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The first extant mention of Väinämöinen in literature is from a list of Tavastian go Show More
The first extant mention of Väinämöinen in literature is from a list of Tavastian gods by Mikael Agricola in 1551. He and other writers described Väinämöinen as the god of chants, songs and poetry. In many stories Väinämöinen was the central figure at the birth of the world. The Finnish national epic, Kalevala tells of his birth in the creation story in its opening sections. This myth displays elements of creation from chaos and from a cosmic egg, as well as earth diver creation.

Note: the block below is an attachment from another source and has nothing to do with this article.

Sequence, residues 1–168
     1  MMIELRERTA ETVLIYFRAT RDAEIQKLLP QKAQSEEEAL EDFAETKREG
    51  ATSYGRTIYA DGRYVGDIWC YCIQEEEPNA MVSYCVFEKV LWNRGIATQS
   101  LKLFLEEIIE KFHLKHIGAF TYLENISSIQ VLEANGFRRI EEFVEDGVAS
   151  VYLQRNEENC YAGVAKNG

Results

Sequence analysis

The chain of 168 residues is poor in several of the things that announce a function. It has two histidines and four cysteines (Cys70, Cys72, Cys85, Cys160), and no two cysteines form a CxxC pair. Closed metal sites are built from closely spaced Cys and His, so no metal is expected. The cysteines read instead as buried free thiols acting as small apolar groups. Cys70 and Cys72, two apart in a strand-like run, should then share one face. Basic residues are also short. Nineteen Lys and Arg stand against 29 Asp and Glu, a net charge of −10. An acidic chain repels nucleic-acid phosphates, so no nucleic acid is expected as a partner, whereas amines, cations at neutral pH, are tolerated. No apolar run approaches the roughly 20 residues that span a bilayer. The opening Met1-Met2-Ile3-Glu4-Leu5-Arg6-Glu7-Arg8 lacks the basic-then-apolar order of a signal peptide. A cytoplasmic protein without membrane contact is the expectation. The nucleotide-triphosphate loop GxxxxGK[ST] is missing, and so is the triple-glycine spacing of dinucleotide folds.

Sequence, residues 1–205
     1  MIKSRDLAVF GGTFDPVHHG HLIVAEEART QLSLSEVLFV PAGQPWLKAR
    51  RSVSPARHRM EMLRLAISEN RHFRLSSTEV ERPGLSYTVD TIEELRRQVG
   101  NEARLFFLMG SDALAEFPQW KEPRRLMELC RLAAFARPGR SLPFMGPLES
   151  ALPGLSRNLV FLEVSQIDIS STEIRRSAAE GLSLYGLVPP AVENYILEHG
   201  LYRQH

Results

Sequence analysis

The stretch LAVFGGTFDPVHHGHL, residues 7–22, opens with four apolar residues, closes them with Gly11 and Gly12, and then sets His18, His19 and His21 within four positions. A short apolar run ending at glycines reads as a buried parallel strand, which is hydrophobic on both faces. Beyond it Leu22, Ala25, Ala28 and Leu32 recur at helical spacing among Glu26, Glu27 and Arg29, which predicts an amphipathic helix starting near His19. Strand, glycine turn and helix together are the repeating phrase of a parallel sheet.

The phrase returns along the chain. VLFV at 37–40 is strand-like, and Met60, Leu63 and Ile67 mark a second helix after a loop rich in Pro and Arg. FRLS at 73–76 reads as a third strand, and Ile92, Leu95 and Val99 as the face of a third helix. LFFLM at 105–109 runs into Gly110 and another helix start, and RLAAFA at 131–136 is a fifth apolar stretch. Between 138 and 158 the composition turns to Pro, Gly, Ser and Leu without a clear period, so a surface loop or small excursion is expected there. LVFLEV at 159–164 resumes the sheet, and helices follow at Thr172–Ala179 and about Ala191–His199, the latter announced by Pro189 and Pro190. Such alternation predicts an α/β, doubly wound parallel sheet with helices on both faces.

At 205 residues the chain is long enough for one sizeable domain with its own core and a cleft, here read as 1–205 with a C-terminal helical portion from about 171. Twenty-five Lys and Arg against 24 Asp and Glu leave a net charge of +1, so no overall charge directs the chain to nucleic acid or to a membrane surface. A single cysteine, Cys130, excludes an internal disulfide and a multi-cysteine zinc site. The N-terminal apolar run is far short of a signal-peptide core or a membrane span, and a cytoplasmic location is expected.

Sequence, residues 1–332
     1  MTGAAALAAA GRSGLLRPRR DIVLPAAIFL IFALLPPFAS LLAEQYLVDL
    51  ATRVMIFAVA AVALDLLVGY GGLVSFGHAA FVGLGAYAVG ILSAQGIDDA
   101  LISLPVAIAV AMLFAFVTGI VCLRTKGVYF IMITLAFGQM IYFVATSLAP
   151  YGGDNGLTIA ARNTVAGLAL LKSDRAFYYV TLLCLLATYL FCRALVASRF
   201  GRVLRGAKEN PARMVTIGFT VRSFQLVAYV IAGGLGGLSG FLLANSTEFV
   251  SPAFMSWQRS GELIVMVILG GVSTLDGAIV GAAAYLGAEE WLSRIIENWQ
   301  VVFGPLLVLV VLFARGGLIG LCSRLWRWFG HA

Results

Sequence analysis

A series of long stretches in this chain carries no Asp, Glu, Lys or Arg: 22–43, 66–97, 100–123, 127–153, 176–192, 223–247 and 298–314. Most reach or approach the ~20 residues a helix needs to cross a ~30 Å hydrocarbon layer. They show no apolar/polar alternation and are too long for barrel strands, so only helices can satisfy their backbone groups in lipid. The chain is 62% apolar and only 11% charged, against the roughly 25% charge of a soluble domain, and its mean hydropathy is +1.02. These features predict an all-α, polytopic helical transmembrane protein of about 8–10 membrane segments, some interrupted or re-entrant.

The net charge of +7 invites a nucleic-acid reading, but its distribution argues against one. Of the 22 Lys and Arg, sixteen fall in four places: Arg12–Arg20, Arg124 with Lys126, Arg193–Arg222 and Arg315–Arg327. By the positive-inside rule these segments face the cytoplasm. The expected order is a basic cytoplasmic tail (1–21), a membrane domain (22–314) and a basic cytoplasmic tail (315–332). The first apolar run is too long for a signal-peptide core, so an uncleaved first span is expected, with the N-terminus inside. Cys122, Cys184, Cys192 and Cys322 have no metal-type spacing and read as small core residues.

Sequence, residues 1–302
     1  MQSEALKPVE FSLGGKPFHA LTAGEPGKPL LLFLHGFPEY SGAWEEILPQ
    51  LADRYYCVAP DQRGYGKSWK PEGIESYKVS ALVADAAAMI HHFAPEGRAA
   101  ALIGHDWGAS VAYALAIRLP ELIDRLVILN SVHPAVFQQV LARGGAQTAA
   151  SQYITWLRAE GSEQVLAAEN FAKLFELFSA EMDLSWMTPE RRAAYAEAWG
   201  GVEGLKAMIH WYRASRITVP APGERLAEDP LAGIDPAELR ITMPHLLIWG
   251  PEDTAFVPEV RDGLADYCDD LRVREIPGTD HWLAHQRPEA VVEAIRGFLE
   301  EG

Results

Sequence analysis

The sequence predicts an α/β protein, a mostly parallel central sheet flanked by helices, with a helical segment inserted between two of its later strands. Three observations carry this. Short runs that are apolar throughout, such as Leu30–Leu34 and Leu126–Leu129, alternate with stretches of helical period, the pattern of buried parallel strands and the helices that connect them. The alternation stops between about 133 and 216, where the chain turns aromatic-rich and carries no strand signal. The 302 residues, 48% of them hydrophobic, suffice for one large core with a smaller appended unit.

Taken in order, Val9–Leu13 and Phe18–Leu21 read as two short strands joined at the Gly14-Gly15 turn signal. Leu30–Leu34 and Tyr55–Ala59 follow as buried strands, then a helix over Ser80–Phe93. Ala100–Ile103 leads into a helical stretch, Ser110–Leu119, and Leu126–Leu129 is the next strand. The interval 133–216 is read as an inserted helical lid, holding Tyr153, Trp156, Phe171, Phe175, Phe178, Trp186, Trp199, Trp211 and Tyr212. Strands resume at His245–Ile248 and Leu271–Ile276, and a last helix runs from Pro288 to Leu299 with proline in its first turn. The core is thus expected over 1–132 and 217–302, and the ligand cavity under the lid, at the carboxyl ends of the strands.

At first there were only primal waters and Sky. But Sky also had a daughter named Ilmatar. One day, seeking a resting place, Ilmatar descended to the waters. There she swam and floated for 700 years until she noticed a beautiful bird also searching for a resting place. Ilmatar raised her knee towards the bird so it could land, which it did. The bird then laid six eggs made of gold and one made of iron. As the bird incubated her eggs Ilmatar's knee grew warmer and warmer until finally she was burned by the heat and reacted by jerking her leg. This motion dislodged the eggs, which then fell and shattered in the waters. Land was formed from the lower part of one of the eggshells while sky formed from the top. The egg whites turned into the moon and stars, and the yolk became the sun. Show Less